Sunday is the Ninth Sunday after Pentecost.  The assigned text has terminology that seems out of place or inappropriate for 2022 if your goal is to encourage people in being prepared and ready to make the most impact of God’s call on one’s life.  As such, it is important to remember that in scripture when Jesus uses images and language that seems strange to us, those to whom Jesus was speaking understood it.  The first principle of biblical interpretation is seeking to understand what the passage meant to the original hearer.  In doing so, we understand that we should not take first century examples and language literal for the 21st century.  We should simply seek to understand the timeless message of the scripture.

          In teaching reliance of God’s provisions, developing a Christlike perspective on our possessions, and then being prepared, faithful and ready to seize the moment when God calls us into service, which is “Living the Dash” between the dates of our births and our deaths.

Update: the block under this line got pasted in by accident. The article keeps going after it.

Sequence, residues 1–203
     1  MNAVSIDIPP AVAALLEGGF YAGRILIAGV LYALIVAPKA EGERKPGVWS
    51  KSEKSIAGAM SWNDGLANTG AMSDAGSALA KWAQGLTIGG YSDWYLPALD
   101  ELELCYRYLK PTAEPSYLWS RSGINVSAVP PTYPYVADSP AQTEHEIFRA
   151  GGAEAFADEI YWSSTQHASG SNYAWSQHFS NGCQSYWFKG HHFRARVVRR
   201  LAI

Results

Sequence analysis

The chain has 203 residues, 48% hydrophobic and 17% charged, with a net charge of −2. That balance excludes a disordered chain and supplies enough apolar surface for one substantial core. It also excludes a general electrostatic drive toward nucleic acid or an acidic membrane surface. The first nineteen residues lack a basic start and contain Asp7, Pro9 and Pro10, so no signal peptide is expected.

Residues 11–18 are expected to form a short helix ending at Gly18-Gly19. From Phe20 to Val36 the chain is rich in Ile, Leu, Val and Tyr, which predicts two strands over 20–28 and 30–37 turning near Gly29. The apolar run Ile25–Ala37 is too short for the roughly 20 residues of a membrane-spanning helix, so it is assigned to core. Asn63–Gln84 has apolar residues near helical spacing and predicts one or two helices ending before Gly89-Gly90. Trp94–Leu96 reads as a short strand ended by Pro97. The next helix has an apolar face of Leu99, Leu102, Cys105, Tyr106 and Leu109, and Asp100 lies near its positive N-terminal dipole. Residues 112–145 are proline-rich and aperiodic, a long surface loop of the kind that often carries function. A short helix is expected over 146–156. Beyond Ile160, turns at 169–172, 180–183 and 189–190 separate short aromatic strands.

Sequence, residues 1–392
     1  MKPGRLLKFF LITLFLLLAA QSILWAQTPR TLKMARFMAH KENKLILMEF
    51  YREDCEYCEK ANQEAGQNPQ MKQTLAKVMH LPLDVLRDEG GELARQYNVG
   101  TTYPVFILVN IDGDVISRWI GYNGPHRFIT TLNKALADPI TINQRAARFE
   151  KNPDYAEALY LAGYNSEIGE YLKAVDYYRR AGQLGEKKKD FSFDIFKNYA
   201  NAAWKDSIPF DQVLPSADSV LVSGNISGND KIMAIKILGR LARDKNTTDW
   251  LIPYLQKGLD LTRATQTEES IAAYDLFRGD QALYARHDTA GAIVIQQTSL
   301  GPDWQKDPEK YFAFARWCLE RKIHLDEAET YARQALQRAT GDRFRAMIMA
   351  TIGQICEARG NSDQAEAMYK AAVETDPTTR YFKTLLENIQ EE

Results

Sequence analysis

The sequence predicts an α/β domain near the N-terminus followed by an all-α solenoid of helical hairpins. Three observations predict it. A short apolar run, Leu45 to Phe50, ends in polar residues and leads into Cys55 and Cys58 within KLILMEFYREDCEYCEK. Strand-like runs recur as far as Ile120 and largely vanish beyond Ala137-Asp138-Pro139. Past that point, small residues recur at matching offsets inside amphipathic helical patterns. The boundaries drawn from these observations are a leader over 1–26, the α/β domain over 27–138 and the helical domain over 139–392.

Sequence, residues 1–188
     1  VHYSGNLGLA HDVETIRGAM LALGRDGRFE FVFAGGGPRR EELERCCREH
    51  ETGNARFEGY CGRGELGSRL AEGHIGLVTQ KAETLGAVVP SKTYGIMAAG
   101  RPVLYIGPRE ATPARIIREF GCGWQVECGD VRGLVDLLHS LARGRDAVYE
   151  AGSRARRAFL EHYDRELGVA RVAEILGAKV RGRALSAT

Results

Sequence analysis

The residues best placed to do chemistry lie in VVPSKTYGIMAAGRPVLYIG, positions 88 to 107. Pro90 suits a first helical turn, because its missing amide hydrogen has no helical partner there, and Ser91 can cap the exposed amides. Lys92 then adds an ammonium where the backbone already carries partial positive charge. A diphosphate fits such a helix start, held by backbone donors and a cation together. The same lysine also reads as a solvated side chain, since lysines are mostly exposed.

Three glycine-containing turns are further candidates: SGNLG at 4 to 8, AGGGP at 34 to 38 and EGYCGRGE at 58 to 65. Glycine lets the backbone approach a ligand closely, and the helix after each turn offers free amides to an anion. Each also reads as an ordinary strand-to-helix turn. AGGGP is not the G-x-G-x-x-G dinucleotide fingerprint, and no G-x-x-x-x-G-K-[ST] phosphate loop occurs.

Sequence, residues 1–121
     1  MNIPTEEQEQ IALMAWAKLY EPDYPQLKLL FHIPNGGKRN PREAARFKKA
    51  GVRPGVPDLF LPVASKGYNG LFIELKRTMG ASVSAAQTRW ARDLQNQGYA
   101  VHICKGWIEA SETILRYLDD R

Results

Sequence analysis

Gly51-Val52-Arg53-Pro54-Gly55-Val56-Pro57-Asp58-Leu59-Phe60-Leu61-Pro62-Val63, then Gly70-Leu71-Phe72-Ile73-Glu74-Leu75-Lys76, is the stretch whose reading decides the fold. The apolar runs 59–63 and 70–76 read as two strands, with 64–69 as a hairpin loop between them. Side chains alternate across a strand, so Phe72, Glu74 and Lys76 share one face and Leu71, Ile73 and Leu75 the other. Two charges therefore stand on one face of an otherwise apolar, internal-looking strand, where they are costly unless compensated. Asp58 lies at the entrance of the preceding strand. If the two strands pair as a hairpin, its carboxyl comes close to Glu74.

Living the Dash is what Gandhi, an unsuccessful lawyer did when he adapted the teachings of the Sermon on the Mount and the writings of Tolstoy in bringing independence to India, because he was ready.  Living the Dash was what Rosa Parks, a rather inauspicious person, did in refusing to move to the back of the bus in Montgomery, sparked the beginning of the civil rights movement of the ’50s and ’60s, because she was ready.  Living the Dash is what Mother Teresa, a rather unpretentious nun, now a saint in the Catholic Church, was doing in her simple act of trying to rescue people from the streets who might otherwise die.  She did so because she was ready!

          It is important we do not get confused or distracted by Jesus’ language or examples in the assigned text.  We should seek to discover the timeless truth of it and let it impact the way you are “Living the Dash.”

Join us for worship this week, in person or by social media.  My sermon is “Living the Dash” based on Luke 2:32-40.